20141024_133028_resized (2)Florida Atlantic University (FAU) in Boca Raton sits in one of America’s most high-end recreational destinations, surrounded by many successful businesses and retired entrepreneurs. Over the years it has garnered a stellar reputation for business and innovation, and is now the 6th largest business school in the nation.

Now FAU is combining these assets in its new Tech Runway for start-ups. Located at the Boca Raton Airport, young entrepreneurs are exposed to the daily launch of private executive jets, a constant reminder that success is possible as they launch they own businesses.

FAU’s Tech Runway is based on the MIT model that relies on heavy mentoring. Formal education, while extremely useful, cannot prepare you for all the unexpected challenges you face as an entrepreneur. Having a mentor who has been there before is an incredible advantage.

The Tech Runway is a complete ecosystem supported by a business school, an innovation center, funding sources, and an engaged regional business community. The entire South Florida business community has a vested interest in seeing these new businesses succeed.

Start-up candidates must navigate a series of important tests. Their business ideas, products and services are carefully scrutinized for potential feasibility. Winners are awarded a $25,000 grant and gain full access to all the University’s and Runway’s resources and mentoring program.

We were honored and excited to be part of the inauguration. We’ve been asked to explain why entrepreneurship is so important to the future of our national economy. When it comes to thinking about the economy there are basically two schools of thought.

One school thinks that wealth is limited. You have get your “share”. If someone else gets it first, there will be less for you. You have to take it from someone who has it. This “scarcity” consciousness is based on fear. As corporations get larger and have more to lose, legal departments gain more influence and innovation can get stifled. Large corporations tend to focus on competition and safety rather than innovation and risk.

The other school of thought believes wealth can be created by innovation and thus is unlimited. Creating a new market where none existed, solving a problem that has not yet been addressed, or looking at the customers’ requirements in a whole new way are the hallmarks of the entrepreneur. Rather than fear, entrepreneurs are driven by belief in their concept and its marketability. Rather than focusing on the competition, they distinguish their products.

Since the recession, entrepreneurs have not only created most of the new jobs, but also most of the new products and services. They have improved and extended our life spans, made our jobs easier, and raised our standard of living. Entrepreneurs are driven with burning desire to succeed no matter what. They take chances and bend the rules. No wonder the big guys buy so many of their fresh ideas from entrepreneurs!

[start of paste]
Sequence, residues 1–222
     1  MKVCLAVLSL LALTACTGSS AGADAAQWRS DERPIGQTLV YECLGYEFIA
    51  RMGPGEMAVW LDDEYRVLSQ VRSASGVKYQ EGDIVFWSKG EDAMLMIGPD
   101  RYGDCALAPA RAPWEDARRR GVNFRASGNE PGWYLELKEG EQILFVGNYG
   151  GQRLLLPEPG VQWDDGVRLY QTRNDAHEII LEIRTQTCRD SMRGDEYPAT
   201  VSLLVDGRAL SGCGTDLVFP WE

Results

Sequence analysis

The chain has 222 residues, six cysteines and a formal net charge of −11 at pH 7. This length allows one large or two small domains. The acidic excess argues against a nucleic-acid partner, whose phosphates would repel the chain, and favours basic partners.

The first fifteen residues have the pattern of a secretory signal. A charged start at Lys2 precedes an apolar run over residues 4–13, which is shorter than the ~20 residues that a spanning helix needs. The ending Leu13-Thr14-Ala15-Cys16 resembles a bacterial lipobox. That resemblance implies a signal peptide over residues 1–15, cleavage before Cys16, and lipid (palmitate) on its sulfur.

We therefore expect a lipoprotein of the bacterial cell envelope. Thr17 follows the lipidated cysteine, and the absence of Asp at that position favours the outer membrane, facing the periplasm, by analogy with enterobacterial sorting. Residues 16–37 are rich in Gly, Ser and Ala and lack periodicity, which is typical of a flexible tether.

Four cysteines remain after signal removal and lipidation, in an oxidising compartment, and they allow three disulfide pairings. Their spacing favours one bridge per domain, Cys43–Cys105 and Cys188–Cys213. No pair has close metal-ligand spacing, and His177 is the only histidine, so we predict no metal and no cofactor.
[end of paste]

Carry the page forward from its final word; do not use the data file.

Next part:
When you’re an entrepreneur, you usually start off undercapitalized with no safety net. No matter how good your business plan is, it’s the cash flow projection that guides your business. You must be resourceful to survive. Unlike the sluggish big corps, you can turn on a dime, quickly pivot away from losing propositions, seize fleeting opportunities, and learn by your mistakes.

For successful ‘treps, information is not a currency, it’s a necessity. Job security is based on sales and customer loyalty, not status or how you look to the higher-ups.

Entrepreneurs create new wealth. They share it with other businesses that supply them and sell their products. By improving our standard of living, reducing our costs, and providing us with new jobs, they are essential to the health and welfare of our economy.

Here’s to the new entrepreneurs taking off from FAU’s Tech Runway at Boca Raton! Bravo!

 

Who We Are.

Michael Houlihan and Bonnie Harvey Barefoot Wine Founders

Michael Houlihan and Bonnie Harvey co-authored the New York Times bestselling business book, The Barefoot Spirit: How Hardship, Hustle, and Heart Built America’s #1 Wine Brand. The book has been selected as recommended reading in the CEO Library for CEO Forum, the C-Suite Book Club, and numerous university classes on business and entrepreneurship. It chronicles their humble beginnings from the laundry room of a rented Sonoma County farmhouse to the board room of E&J Gallo, who ultimately acquired their brand and engaged them as brand consultants. Barefoot is now the world’s largest wine brand.

Beginning with virtually no money and no wine industry experience, they employed innovative ideas to overcome obstacles, create new markets and forge strategic alliances. They pioneered Worthy Cause Marketing and performance-based compensation. They built an internationally bestselling brand and received their industry’s “Hot Brand” award for several consecutive years.

They offer their Guiding Principles for Success (GPS) to help entrepreneurs become successful. Their book, The Entrepreneurial Culture: 23 Ways To Engage and Empower Your People, helps corporations maximize the value of their human resources.

Currently they travel the world leading workshops, trainings, & keynoting at business schools, corporations, conferences. They are regular media guests and contributors to international publications and professional journals. They are C-Suite Network Advisors & Contributing Editors. Visit their popular brand building site at www.consumerbrandbuilders.com.

To make inquiries for keynote speaking, trainings or consulting, please contact sales@thebarefootspirit.com.